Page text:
Quantum Computing has been making headlines recently. From Google’s “quantum supremacy” announcement and IBM’s announcement of a quantum volume of 64 in a 27 qubit quantum computer along with their roadmap to build a 1,121 qubit device by 2023, Honeywell’s announcement of their ion-trap based 128 quantum volume – equivalent to 10 qubit quantum low error computer and finally, IonQ’s announcement of their 32 qubit Ion-based quantum computer with a claimed quantum volume of staggering 4 million. It seems all the major players are participating in the quantum computing race. In fact, Gartner predicts that by 2023, 20% of organizations will be budgeting for quantum computing projects.Samsung’s Rutie Adar. Photo: Samsung
Quantum computers are not just more powerful supercomputers, they are a different type of technology that uses quantum phenomena such as superposition and entanglement to perform computation. Unlike regular computers, quantum computers can analyze exponentially large numbers of possibilities in a short period of time. This type of processing cannot be achieved by even the most powerful High Performance Computers, regardless of their parallelization level.
Quantum computing is therefore more than just a new technology or market—it holds the future for cybersecurity (e.g. making existing encryption technology obsolete); for medical science (e.g. enabling the simulation of new molecules for drug discovery); and for finance, logistics, defense, and weather predictions. Indeed, many field can be profoundly impacted by quantum computing. This is undoubtedly a new frontier in computing that could arguably be more important than the mobile revolution.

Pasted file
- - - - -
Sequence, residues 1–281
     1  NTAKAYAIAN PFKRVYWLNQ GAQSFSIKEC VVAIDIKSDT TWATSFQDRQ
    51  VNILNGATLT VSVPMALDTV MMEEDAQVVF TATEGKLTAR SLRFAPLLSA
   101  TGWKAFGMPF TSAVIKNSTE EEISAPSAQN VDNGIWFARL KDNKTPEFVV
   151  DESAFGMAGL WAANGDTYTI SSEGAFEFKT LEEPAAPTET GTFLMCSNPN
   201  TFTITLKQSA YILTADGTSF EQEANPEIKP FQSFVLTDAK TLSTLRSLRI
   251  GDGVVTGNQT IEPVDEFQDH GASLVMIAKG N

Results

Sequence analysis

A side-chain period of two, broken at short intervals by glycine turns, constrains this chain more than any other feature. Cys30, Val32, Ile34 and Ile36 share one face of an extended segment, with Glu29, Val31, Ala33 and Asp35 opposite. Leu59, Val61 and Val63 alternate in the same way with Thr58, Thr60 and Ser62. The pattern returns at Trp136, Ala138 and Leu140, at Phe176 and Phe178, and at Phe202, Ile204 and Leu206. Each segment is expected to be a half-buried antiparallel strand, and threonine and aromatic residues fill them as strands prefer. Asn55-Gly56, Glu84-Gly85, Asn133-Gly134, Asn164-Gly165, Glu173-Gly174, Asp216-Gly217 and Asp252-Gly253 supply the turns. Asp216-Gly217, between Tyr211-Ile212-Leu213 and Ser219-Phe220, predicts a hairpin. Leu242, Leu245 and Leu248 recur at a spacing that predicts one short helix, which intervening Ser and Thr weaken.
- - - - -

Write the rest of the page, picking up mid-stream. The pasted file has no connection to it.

The recent breakthroughs in quantum computing technology have made it even more urgent. To illustrate this urgency, let’s look at data security. If today’s encryption technology could become obsolete in just a few decades, one could record today’s encrypted communications and decrypt everything in a few decades. This is just one example of why nations and corporations cannot afford to view this as just a “theoretical scientific experiment”. And although quantum computing is considered to be a “moon shot”, it is also a “winner takes all” game that one could ill afford to lose.
For this reason, there are already internal quantum computing teams in many enterprises, as Gartner listed in their report, such as banks – JP Morgan, Goldman Sachs, and Barclays; transportation – Boeing, Airbus, BMW, and VW; energy – ExxonMobil; pharma – Bayer and Roche; and chemicals – Merck, and more. Nations are also investing heavily in this strategic technology.
Where are we today in the quantum computing evolution?
Despite the recent exciting progress, we are still in the NISQ (Noisy Intermediate-Scale Quantum) era, where quantum computers with 50-100 qubits may be able to perform tasks that surpass the capabilities of today’s classical digital computers, but noise in quantum gates will limit the size of quantum circuits that can be executed reliably. Despite these limitations, some applications, especially in optimization and quantum chemistry, will potentially be ready for implementation in the coming years.